Relax! You’re at the Dentist

Heights, public speaking, clowns, small spaces, and the dentist. These are a few of the biggest fears Americans have. Although we may not be able to help you with most of these, our team at DentalWorks – Crystal Lake is able to help you conquer your fear of going to the dentist. Maybe a negative experience with a procedure or dentist has kept you from returning for oral health exams and cleanings. No matter what has been keeping you from scheduling regular appointments with a dentist in Crystal Lake, IL to prevent or treat problems, sedation dentistry could be a good option. This post discusses the main sedation dentistry options, how candidates are screened, plus what to expect.

The majority of dental practices in Crystal Lake, IL use three methods for sedation — oral-conscious medication, nitrous oxide gas, and IV (intravenous) sedation. One or two methods might be suggested according to what treatment you are getting and your level of anxiety. Local anesthesia might also be added to numb the soft tissue around the treatment area.

    Based on the amount and type of medication chosen, IV (intravenous) sedation can be either moderate or deep. IV sedation puts the medication straight into your blood, which means this isn’t a good choice if you are afraid of needles. Intravenous sedation is used for more extensive procedures (like wisdom tooth extraction or surgery to place a dental implant). The level can be changed and patients generally come out of the sedation a few minutes after the medication is stopped. You need to arrange for a friend or family member to come get you after your procedure and should spend the day recovering.
    More commonly called “laughing gas,” patients have been getting nitrous oxide sedation at the dentist’s for a long time to help them relax. The combined oxygen and nitrogen gases are inhaled through a nasal hood. This sedation is often used to reduce anxiety during exams and cleanings plus for noninvasive treatments (such as cavity fillings or SRP therapy). Unlike oral-conscious sedation, the level of gas can be changed during the treatment. The sedation wears off as soon as the gas is turned off. Nitrous oxide sedation may be used with local anesthesia as well as stronger sedation methods. The majority of people can tolerate nitrous oxide sedation and can drive themselves home.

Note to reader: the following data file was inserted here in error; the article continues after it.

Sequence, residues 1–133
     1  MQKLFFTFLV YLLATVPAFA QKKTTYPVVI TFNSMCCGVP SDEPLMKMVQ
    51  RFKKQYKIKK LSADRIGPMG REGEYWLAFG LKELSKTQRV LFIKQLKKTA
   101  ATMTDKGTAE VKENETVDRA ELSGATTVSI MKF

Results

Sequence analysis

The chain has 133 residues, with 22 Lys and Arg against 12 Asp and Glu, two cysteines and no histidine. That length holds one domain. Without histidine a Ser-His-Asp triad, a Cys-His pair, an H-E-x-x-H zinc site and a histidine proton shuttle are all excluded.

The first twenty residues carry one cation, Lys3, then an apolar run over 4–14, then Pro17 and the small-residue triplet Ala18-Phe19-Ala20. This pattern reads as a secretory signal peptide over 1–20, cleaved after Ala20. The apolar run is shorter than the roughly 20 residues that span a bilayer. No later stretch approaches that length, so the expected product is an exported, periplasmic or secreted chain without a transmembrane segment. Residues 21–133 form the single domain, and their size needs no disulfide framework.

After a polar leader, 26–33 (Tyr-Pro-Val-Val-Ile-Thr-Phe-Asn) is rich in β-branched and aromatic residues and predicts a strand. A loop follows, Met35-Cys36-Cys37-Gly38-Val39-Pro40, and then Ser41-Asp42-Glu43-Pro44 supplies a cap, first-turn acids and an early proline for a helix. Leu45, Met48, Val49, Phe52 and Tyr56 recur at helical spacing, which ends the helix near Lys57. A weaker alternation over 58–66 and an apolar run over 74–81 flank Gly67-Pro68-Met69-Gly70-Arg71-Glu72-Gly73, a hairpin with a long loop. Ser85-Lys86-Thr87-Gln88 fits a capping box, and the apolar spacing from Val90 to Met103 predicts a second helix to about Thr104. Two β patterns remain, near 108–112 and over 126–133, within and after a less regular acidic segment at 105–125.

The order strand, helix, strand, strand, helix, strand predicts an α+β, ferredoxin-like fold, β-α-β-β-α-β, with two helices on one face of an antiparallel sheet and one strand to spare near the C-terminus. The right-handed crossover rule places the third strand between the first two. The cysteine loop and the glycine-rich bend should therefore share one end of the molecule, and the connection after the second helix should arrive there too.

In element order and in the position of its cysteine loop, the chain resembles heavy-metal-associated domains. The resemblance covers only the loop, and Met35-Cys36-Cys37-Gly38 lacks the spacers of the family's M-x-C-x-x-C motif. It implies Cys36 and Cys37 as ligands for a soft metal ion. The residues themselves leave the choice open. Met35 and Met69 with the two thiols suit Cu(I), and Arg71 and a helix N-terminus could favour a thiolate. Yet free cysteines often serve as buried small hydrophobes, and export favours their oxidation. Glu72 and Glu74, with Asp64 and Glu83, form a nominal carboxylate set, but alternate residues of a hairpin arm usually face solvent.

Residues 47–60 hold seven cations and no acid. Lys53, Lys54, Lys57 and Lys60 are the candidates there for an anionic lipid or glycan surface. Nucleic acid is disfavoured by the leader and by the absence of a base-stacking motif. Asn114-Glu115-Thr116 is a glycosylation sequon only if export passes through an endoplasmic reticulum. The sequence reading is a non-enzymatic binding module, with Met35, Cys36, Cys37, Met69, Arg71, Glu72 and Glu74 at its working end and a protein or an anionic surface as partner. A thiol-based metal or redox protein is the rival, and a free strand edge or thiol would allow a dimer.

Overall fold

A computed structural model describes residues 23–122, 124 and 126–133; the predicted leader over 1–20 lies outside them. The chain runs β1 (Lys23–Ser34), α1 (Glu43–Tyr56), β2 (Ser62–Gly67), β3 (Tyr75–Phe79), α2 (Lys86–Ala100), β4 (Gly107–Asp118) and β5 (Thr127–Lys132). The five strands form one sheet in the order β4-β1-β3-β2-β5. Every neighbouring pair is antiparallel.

Sometimes called enteral sedation, oral-conscious sedation uses a sedative that is prescribed and taken prior to your procedure to help keep you calm and relaxed. Based on your needs and what procedure you are getting, your dentist will prescribe the appropriate medication type and amount. Oral-conscious sedation will allow you to be awake, but in a relaxed state. Patients may drift into a light sleep, but they can be gently awakened after their procedure. Oral-conscious sedation might be prescribed to help with anxiety and dentophobia during normal cleanings and exams or combined with local anesthesia to help you get through noninvasive procedures (such as periodontal surgery or a root canal). When you take an oral-conscious sedation, you’ll be asked to have a family member or friend take you to and from the dentist’s office.

Prior to administering sedation, your dentist will schedule a consultation to choose what method of sedation is safe and fits your needs. You should talk to your dental team regarding your medical history, if you have or had a serious medical condition, if you have any allergies, and medications you take (this includes medications prescribed by a doctor, in addition to store-bought vitamins, supplements, and herbs). It is imperative to be honest and open to avoid interactions and side effects. In this appointment, your dentist will give you their sedation recommendations and, if you’re approved, what you need to do prior to and following your sedation. Typically, pregnant women should put off sedation and procedures.

To reduce your risk of common side effects, like nausea, it is recommended that you eat a small meal before taking your oral-conscious medication or getting nitrous-oxide gas at your appointment. If you are getting IV sedation, you might be told to fast for a few hours prior to your appointment. Your dental team will explain your pre-sedation rules; however, if you’re receiving IV or oral-conscious sedation, you will likely need to have responsible adult bring you to the office because you won’t be able to drive.

It’s possible you will recover easily or you might take longer based on the method of sedation administered. Your dental team should review what will happen, such as potential side effects and any food restrictions. How fast you recover will also vary depending on what treatment or procedure was performed (a cleaning probably won’t slow your recovery; however, oral surgery will add some time). You need to follow your dentist’s recommendations and look for symptoms of an infection or allergic reaction.

This article is just a basic overview of sedation dentistry, contact a dentist’s office in Crystal Lake, IL to schedule an appointment. At DentalWorks – Crystal Lake, we carefully screen patients to see if they are able to safely get sedation in their consultative appointment. Your team will let you know what will happen throughout the whole process to help you feel comfortable. Our team strives to make your appointments a good experience so eventually, you can get twice yearly cleanings and dental check-ups without anxiety or fear. Reach out to our office in Crystal Lake, IL to schedule a consultation and get more information about dental sedation.